Monitoring Your Competitors
Along with your customers and employees, your competitors are critical people to know and understand. Often, competitors are just thought of as the "enemy." These individuals or companies keep you from getting more business.
However, competitors can be more than the "enemy." They can:
Most business owners know their competitors and generally how they compare with the owners' own company. Having a greater understanding of competitors can provide clues for making enhancements to your own company's activities.
Understanding your markets
Getting competitive information on others in your industry is easy. Visit their web site or walk through their store. Either way, you will probably learn a great deal. If you attend or exhibit at trade shows or conferences, be sure to pick up some competitive materials or talk to their representatives. You learn about the company and you may meet a prospective hire.
If your competitors are publicly held, be sure to review their annual reports. The CEO letter at the beginning of an annual report is often where the CEO tells the world about his plans, brags about the company's strengths/ accomplishments and addresses the critical issues facing his company.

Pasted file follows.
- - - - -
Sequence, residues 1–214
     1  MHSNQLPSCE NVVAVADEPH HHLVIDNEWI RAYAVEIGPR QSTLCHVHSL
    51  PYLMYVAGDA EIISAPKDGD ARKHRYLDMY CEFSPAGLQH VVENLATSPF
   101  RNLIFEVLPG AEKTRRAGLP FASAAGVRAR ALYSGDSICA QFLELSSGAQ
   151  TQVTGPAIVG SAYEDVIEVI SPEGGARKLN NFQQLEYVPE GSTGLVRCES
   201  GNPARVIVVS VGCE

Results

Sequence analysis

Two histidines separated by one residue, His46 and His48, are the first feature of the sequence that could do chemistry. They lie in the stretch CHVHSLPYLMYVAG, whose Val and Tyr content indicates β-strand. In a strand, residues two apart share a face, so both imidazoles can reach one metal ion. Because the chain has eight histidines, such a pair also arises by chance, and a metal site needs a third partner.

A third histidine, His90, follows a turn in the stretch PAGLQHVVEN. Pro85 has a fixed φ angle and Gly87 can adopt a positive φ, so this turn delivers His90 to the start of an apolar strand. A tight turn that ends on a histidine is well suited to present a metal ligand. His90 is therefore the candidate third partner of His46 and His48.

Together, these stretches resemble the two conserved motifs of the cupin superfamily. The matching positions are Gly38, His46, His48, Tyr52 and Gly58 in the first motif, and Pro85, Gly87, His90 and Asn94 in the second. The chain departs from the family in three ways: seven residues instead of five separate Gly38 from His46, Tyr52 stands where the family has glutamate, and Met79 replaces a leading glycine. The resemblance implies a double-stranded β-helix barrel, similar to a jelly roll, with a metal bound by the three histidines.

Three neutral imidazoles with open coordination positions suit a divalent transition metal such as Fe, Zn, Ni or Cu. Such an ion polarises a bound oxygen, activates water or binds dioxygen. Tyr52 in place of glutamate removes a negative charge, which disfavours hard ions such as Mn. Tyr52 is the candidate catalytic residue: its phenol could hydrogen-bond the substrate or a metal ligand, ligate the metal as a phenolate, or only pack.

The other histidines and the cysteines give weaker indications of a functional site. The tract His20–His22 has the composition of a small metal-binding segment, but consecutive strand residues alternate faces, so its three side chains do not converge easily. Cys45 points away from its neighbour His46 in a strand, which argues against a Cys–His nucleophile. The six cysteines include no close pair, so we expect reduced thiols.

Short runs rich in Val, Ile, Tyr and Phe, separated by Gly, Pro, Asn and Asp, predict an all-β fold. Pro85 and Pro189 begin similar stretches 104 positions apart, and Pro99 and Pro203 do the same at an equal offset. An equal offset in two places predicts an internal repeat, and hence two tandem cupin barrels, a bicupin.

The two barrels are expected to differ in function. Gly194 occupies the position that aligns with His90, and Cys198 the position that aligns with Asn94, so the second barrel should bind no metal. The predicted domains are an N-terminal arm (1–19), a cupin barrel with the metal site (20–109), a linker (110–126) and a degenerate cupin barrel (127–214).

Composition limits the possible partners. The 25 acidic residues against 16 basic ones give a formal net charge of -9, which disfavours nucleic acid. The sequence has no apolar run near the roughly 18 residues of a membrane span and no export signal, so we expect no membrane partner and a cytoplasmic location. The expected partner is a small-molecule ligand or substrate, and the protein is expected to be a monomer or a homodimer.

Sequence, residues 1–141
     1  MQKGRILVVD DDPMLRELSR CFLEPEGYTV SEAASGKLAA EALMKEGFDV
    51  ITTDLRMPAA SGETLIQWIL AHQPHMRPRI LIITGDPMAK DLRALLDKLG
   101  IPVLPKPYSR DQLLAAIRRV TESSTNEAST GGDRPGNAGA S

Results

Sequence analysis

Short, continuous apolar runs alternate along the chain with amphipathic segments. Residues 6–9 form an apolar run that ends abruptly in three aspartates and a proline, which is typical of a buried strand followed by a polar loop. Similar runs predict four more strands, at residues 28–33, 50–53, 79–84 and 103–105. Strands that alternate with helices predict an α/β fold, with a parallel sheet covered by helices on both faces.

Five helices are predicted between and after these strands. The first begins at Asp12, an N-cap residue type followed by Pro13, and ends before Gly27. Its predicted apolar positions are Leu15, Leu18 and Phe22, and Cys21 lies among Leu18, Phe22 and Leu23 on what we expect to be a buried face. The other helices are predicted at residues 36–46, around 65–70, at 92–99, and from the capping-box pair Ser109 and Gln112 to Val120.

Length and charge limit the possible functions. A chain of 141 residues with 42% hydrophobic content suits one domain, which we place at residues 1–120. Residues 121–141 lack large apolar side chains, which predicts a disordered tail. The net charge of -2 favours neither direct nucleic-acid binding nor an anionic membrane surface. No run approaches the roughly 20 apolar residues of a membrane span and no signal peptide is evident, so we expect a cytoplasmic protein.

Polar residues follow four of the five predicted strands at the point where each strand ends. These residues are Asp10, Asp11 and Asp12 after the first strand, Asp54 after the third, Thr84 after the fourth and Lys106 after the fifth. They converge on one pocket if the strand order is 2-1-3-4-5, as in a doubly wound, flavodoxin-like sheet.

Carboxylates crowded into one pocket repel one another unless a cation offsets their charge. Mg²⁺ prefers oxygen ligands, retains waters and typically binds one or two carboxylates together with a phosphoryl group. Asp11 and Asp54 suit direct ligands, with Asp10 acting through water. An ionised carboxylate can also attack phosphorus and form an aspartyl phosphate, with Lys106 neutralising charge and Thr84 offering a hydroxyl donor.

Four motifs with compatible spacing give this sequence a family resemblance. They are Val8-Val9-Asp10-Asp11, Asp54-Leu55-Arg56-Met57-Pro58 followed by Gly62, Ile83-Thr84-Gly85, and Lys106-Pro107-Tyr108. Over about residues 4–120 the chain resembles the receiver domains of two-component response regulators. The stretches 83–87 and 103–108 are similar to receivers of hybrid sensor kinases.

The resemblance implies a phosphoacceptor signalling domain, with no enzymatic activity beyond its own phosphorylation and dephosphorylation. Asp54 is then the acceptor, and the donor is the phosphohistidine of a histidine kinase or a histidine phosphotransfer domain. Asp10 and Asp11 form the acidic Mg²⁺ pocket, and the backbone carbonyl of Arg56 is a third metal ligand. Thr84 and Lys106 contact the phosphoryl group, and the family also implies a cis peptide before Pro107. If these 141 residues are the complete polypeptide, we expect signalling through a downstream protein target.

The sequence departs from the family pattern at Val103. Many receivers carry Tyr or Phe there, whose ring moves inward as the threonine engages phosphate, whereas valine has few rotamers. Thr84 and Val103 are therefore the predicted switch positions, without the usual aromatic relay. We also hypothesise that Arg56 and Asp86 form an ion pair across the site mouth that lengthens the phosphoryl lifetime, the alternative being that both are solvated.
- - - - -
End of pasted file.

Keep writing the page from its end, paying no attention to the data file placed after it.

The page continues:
You can also talk to your customers and prospects about the competition. Getting their insights will give you an idea of why they do business with your company or what it would take to make them a customer. Most customers and prospects will be relatively frank in those types of discussions.
Understanding your strongest competitors can identify areas where you can improve and potentially some niches the strong competitors are ignoring. Knowing more about your weak competitors can help you identify your strengths that you can exploit. You may even be able to identify a competitor's customers that would be your best prospects. Customers usually know their vendors' strengths and weaknesses.
Getting additional business from competitors
Acquiring your competitors or parts of them
An exit strategy for you